|| ||Damien Miller <djm-AT-mindrot.org>|
|| ||johan beisser <jb-AT-caustic.org>|
|| ||Re: Patching a SSH 'Weakness'|
|| ||Sat, 13 Sep 2008 09:08:41 +1000 (EST)|
|| ||Philip Guenther <guenther-AT-gmail.com>, misc-AT-openbsd.org|
On Fri, 12 Sep 2008, johan beisser wrote:
> On Sep 12, 2008, at 3:12 PM, Philip Guenther wrote:
> > On Fri, Sep 12, 2008 at 2:05 PM, johan beisser <email@example.com> wrote:
> > This about security. Being realistic means *not* being optimistic
> > that extracting data will be "too hard", "too unlikely", "only
> > applicable to a subset of people [and certainly not me]", etc. Have
> > you not read enough papers that start with something like "It was
> > previously thought that attack [foo] was impractical for the following
> > reasons: [blah blah blah]. This paper demonstrates practical
> > circumstances under which those reasons fail or don't apply and the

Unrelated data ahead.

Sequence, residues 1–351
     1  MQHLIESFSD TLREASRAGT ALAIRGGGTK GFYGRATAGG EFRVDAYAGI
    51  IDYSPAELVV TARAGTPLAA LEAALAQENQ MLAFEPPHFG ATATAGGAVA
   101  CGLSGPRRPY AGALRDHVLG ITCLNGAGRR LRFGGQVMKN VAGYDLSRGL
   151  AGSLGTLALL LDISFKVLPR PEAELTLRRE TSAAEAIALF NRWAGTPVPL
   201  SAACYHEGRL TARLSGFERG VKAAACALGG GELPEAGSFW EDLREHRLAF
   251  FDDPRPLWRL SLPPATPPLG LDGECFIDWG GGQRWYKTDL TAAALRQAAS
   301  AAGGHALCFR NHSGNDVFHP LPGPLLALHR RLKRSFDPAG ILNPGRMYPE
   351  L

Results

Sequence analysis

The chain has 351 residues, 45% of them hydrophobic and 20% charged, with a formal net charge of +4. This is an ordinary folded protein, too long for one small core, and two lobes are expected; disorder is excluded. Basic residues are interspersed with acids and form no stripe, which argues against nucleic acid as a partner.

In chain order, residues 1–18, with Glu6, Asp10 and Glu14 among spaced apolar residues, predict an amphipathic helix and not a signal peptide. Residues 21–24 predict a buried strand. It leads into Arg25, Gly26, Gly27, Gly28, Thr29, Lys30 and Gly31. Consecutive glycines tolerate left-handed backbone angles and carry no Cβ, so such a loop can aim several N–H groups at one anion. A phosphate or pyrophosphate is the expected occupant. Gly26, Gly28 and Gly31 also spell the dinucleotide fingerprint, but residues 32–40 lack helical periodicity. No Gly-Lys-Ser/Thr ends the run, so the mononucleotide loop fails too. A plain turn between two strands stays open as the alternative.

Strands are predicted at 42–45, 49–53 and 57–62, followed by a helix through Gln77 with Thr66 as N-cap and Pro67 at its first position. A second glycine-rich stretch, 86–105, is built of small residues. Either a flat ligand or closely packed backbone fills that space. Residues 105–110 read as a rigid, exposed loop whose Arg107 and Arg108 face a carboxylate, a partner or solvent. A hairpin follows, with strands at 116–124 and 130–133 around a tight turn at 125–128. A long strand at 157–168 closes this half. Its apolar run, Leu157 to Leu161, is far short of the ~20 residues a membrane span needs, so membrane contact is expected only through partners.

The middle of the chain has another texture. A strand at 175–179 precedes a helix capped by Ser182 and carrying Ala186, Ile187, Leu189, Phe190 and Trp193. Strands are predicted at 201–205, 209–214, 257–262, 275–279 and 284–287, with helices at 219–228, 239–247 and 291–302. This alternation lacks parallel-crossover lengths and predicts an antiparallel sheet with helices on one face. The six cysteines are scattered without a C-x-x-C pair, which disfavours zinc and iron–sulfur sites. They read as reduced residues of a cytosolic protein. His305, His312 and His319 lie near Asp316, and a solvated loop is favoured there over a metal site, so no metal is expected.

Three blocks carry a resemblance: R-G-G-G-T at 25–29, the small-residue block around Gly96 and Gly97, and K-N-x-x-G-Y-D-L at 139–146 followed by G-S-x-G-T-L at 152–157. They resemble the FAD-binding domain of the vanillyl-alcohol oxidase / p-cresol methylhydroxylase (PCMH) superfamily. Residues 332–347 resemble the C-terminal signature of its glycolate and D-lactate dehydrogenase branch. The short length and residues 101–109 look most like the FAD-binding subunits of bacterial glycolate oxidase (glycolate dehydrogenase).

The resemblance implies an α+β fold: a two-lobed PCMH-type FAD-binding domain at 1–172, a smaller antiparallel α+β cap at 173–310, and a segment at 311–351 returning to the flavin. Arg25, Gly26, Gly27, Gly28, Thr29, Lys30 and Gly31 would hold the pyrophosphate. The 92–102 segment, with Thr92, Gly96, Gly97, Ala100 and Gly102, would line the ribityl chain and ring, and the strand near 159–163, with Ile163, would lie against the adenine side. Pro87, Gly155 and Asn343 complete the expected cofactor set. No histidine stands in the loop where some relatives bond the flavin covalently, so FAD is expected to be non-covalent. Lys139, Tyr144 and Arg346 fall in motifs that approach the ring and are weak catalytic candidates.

> > attack succeeds"?
> Sure, against SSH1.
> The ACM paper was also published in 2001, same time frame. There's
> more padding (see the TCPDump output I provided) in SSH2. Also, take a
> look at what Damien Miller responded with: OpenSSH is applying extra
> SSH2 is the default these days. I won't say it's impossible to do
> keystroke analysis, it's just going to be difficult to know if what
> two letters were typed and when. Frankly, I've given you ssh2 packet
> dump (i'll happily provide raw tcpdump output, if you want it).
There is no reason to believe that keystroke timing attacks will be
impossible against protocol 2 where they work against protocol 1.
They might just be a little more tricky.
Pointing at the paper and discounting it because it is ssh1 only is
sticking your head in the sand. It is usually easier to research attacks
on simpler protocols and work up to more complicated ones later.
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